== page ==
Examples:

  • We must carefully observe to understand.
  • I can’t wait to see.

After an Adjective

Subject + to be + adjective + (for/of someone) + to-infinitive + (rest of sentence)

Examples:

  • It is important to be patient.
  • It is wonderful to have close friends.

After an Object that Is a Noun or Pronoun Referring to a Person

Infinitive examples:

  • Can I ask you to help me with something?
  • I invited a friend to attend the ceremony.

Used with the Question Word

Examples:

  • Do you understand what to do?
  • Tell me when to press the button.

How to Use Infinitives with Examples | Picture

Infinitives! What is an infinitive? Learn infinitive definition and when to use infinitives in English with useful grammar rules, video, example sentences and ESL worksheet. 

Infinitive Verb List

Learn a useful list of Verbs Followed by Infinitives in English with examples.

Get

       Hold on for a minute, I’ve just got to put on my makeup.

Hesitate

I hesitate to spend so much money on clothes.

Hope

I hope to see you again soon.

Hurry

We’ll have to hurry to catch the last train.

Intend

I heard they intend to marry.

Learn

Children learn to creep ere they can go.

Like

Ancient people like to have a declaration before war.

Love

Men love to hear well of themselves.

Manage

Did you manage to catch the post?

Mean

I didn’t mean to hurt your feelings.

Neglect

Don’t neglect to lock the door when you leave.

Need

You need to change your eating habits.

Offer

She offered to help me move my things to my new house.

Plan

Next year I plan to travel around the world.

Prefer

Would you prefer to live in the country instead of a town?

Prepare

The doctor prepared to prescribe a receipt.

Pretend

She was pretending to cry. I knew she was lying.

Proceed

They will proceed to build another laboratory building.

Promise

He promised to collect her from the airport.

Propose

We propose to deal with this subject in the following chapter.

Refuse

She refused to answer questions about her personal finances.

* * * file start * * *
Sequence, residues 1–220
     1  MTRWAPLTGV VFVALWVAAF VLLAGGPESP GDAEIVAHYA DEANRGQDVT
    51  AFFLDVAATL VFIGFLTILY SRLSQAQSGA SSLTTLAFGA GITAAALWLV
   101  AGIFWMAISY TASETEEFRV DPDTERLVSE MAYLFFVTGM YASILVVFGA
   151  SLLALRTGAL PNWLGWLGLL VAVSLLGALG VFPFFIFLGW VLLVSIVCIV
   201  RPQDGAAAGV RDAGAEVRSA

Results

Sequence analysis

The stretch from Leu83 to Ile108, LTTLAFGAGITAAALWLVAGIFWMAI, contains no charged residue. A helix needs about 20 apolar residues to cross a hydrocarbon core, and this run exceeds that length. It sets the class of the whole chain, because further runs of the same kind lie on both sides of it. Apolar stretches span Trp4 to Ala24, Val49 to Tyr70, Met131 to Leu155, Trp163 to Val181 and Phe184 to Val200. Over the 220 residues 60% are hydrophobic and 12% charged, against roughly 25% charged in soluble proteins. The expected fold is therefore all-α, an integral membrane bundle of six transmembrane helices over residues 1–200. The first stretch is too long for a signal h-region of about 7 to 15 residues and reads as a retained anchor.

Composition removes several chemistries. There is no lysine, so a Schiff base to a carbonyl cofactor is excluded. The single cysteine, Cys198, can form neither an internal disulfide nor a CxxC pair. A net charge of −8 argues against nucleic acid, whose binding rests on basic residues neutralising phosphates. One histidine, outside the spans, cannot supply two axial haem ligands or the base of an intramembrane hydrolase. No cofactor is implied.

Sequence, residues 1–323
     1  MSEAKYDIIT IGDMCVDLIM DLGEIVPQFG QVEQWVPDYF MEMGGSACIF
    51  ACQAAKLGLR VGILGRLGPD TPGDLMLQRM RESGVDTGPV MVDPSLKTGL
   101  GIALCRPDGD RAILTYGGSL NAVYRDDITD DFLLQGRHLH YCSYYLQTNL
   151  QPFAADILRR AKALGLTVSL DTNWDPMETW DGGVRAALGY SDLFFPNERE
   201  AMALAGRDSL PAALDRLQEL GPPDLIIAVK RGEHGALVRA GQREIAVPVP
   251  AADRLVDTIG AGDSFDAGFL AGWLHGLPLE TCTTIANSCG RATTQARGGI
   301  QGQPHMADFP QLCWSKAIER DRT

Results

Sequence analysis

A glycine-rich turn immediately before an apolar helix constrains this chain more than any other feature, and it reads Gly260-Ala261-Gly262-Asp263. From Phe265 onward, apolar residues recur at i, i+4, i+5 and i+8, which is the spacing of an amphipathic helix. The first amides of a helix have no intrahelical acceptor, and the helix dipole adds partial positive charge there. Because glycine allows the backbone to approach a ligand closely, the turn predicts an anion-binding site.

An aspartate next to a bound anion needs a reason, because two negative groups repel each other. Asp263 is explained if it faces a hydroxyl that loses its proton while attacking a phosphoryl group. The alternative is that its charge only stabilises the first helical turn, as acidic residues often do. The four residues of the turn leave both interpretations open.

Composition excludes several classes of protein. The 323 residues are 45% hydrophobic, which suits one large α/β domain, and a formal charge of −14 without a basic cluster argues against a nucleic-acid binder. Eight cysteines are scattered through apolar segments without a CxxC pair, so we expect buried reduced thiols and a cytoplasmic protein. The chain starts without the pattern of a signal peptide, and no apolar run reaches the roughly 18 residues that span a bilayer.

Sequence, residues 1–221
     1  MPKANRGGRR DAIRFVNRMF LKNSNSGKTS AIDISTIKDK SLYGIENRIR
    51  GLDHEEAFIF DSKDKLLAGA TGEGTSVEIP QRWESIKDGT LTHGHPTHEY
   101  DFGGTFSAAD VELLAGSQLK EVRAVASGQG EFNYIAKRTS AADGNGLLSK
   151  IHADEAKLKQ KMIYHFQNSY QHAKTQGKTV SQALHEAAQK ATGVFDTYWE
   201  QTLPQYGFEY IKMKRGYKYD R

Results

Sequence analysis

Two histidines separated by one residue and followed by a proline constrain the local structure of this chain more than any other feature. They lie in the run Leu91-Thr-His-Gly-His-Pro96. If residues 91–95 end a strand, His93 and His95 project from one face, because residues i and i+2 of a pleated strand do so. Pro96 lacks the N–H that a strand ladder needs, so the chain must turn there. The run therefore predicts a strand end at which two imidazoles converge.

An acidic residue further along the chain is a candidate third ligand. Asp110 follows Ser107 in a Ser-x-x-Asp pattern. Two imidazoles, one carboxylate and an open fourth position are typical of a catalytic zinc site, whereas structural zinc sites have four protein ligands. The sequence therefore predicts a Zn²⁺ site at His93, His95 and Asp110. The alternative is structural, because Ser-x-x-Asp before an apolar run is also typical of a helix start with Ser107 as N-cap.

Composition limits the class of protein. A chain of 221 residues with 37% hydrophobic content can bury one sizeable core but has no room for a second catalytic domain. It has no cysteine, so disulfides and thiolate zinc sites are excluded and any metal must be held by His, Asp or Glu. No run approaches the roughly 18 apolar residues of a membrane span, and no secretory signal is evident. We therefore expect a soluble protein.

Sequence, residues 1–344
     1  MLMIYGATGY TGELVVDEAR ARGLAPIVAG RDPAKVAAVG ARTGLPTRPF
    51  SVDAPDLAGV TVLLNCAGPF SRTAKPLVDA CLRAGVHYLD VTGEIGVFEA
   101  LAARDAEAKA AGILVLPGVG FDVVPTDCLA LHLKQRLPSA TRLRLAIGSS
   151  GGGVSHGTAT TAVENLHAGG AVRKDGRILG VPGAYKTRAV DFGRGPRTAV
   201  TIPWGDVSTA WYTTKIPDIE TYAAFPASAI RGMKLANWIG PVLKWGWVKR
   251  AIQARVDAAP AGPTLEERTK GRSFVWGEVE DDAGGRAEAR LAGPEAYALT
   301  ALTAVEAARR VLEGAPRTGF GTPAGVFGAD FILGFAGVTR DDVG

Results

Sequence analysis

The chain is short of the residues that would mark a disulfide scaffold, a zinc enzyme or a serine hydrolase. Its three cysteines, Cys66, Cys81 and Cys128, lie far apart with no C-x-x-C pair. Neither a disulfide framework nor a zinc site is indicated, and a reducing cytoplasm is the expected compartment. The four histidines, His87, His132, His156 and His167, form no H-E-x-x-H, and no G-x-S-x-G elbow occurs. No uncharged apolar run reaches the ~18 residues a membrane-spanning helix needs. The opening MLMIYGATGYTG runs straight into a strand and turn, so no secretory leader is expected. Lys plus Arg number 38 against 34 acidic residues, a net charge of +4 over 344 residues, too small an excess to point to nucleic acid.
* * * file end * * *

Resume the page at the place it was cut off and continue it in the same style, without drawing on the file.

Remember

He had remembered to bring a pair of gloves, unlike me.

Seem

I always seem to be unlucky at cards.

Start

The child started to sob when he couldn’t find his mother.

Stop

I’m working in the garden and I stop to smoke.

Struggle

He struggled to keep his footing on the slippery floor.

Swear

Do you swear to tell the whole truth?

Threaten

They threatened to ban the book.

Try

We tried to confuse the enemy.

Volunteer

They volunteer to teach introductory courses.

Wait

I can’t wait to see you.

Want

I want to watch TV.

The Bare Infinitives

The zero (bare) infinitive is a type of complement with an infinitive verb form that’s not preceded by the particle to. Also known as the bare infinitive.

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Raes Nile
Raes Nile
9 months ago

The efforts to get her elected succeeded.
In the sentence above, what is the function of “to get her elected”?

Dhyan Mothukuri
Dhyan Mothukuri
8 months ago
Reply to  Raes Nile

Perhaps that phrase functions as adjective, for it provides information about the noun ‘The efforts’

Stranger
Stranger
2 months ago
Reply to  Raes Nile

Probably it is an example of an infinitive acting as equivalent of relative clause (dependent clause which acts as noun/pronoun modifier)

Luka Doncic
Luka Doncic
5 months ago

i dont understand

Stranger
Stranger
2 months ago
  • We can only extend our conversation if we have something in common to share.

It tells more information about the noun “conversation.”

Doesn’t this infinitive tell more not about “conversation” but about “something in common”?

And another thing:

  • Joyce needs a table to read on.

Here “needs” is the verb, and “table” is the subject (noun).

“Table” isn’t a subject, it is a direct object of “needs”, and “to read on” acts as a modifier of this “table”

Dude Man
Dude Man
1 day ago

Great!!

AMRITA PRIYADARSHINI
AMRITA PRIYADARSHINI
1 day ago
Reply to  Dude Man

nice